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Even among whites, veterans' pensions helped many who were economically disadvantaged as well as those who had done well during their working lives but then became impoverished in old age. Within the overall system of Civil War benefits, moreover, special aid beyond the federal pensions was available to the neediest veterans and their dependents.

Some states, such as Massachusetts, offered generous public assistance to needy veterans in their own homes. Starting in , the federal government offered subsidies for state-run veterans' homes. By ,31, Union veterans, or about five percent of those still living, were being housed in veterans' old-age homes across the country. These men had typically been skilled workers; few were middle-class.

Conceived as a repayment for service to the nation and in explicit opposition to poor relief, these veterans' benefits were unequivocally honorable. Broad political coalitions agitated for benefit increases. Though the Republican Party generally led these campaigns, they also gained support from many Northern Democrats, who could not afford to let Republicans outbid them for votes. And since Civil War benefits were a badge of honor rather than disgrace, it was easy for individual recipients to accept public assistance, or a place in an old-age home, during what was supposedly the preeminent era of "rugged individualism.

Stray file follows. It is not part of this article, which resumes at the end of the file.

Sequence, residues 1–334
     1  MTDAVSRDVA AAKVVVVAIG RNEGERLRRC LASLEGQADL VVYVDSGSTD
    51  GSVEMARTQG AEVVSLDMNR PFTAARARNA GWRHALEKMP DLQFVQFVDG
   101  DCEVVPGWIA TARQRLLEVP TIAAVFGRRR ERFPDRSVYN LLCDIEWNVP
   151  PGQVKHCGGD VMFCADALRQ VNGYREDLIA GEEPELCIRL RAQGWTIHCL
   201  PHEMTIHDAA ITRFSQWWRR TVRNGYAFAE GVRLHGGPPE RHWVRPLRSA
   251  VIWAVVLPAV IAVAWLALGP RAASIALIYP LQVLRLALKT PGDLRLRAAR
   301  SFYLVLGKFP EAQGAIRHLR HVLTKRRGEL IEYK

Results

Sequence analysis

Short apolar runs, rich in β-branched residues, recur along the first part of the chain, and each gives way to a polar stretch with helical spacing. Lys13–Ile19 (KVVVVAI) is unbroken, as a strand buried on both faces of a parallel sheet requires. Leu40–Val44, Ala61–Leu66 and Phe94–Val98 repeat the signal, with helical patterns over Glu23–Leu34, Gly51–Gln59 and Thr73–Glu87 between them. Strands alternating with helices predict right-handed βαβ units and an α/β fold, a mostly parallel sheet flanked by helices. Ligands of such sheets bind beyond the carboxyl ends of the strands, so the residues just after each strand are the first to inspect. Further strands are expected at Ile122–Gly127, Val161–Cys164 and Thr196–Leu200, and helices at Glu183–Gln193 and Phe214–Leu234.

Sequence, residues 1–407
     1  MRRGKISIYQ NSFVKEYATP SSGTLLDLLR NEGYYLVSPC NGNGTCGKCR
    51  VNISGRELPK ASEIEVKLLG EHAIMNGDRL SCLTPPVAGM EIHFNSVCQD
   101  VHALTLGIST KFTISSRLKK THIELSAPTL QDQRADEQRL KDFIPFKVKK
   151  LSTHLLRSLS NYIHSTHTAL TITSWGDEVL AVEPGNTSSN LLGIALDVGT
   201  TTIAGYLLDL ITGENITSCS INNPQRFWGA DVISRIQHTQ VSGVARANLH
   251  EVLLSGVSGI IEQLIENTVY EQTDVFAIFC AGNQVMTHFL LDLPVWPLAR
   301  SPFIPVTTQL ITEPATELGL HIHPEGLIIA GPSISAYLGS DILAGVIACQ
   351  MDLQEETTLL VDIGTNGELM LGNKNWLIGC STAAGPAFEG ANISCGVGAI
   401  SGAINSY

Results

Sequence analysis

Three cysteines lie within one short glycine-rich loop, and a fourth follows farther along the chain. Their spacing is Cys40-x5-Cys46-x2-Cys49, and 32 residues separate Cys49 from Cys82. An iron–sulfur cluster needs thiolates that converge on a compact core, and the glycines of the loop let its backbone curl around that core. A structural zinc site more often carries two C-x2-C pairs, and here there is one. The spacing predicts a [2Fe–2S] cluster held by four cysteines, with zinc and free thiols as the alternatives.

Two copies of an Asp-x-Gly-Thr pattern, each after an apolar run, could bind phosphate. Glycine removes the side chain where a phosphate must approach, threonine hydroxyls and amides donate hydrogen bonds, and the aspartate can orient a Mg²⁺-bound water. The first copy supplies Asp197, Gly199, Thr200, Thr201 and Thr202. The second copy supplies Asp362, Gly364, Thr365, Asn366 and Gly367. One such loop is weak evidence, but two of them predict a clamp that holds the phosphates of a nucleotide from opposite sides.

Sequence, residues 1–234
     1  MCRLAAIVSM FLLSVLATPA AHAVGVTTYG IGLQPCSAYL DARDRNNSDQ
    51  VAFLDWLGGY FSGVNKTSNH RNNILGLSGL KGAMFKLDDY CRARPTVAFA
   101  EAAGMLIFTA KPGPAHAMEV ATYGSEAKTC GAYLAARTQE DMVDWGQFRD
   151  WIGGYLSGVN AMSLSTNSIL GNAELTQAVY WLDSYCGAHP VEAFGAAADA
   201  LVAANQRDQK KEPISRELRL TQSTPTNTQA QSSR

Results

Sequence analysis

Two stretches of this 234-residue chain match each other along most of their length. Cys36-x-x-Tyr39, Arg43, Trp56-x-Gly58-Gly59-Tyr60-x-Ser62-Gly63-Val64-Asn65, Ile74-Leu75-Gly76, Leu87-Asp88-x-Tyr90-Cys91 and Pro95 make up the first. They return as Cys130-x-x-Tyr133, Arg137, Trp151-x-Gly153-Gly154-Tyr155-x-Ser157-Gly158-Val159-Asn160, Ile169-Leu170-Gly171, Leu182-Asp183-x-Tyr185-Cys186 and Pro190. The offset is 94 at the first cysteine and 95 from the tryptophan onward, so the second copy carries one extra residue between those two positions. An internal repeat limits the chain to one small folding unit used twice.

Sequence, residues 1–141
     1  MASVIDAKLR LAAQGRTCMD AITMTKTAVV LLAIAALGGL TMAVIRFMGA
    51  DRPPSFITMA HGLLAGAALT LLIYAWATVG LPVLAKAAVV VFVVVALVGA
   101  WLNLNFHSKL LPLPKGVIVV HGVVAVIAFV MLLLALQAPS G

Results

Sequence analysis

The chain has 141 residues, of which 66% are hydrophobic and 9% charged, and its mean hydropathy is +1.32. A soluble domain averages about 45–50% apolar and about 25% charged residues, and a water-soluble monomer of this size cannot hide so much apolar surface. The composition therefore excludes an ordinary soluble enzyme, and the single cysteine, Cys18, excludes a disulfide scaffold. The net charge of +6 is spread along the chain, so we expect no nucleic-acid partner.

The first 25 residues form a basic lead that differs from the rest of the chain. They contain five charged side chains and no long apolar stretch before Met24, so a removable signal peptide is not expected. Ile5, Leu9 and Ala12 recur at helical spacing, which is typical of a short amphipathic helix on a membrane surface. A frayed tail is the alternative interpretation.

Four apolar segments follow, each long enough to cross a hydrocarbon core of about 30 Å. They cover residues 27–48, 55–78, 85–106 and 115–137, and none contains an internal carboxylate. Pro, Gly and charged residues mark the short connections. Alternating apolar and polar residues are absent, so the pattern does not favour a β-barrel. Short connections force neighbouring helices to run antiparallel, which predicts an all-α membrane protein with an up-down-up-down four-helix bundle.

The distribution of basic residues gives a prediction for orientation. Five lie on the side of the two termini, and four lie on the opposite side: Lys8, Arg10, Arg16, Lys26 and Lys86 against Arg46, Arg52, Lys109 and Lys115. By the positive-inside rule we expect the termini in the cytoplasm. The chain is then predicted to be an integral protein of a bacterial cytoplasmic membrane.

Raum explained in , "can receive a pension as a recognition of honorable service with a feeling of pride, while he would turn his back with shame upon an offer of charity.

Combating Poverty in Local Welfare Systems

Despite vociferous elite attacks against the "political corruption" that pension expenditures supposedly expressed, the benefits did not recede until the generation of men who received them died out. Health Education Services for Mothers and Babies. During the early twentieth century, many programs to help mothers and children were enacted in America. While mothers' pensions were targeted on the poor alone, others were universal efforts, including the federal Children's Bureau established in and the Sheppard-Towner program enacted in to provide health education to pregnant women and new mothers throughout the United States.

With a mandate to look into "all matters pertaining to the welfare of children and child life among all classes of our people," the chief of the Children's Bureau, Julia Lathrop, astutely mobilized women's associations and reformers on behalf of improved maternal and child health. Even though her aim was to reach out to underprivileged mothers, especially in remote, rural areas, Lathrop deliberately decided against a narrowly targeted program and insisted her efforts had nothing to do with charity.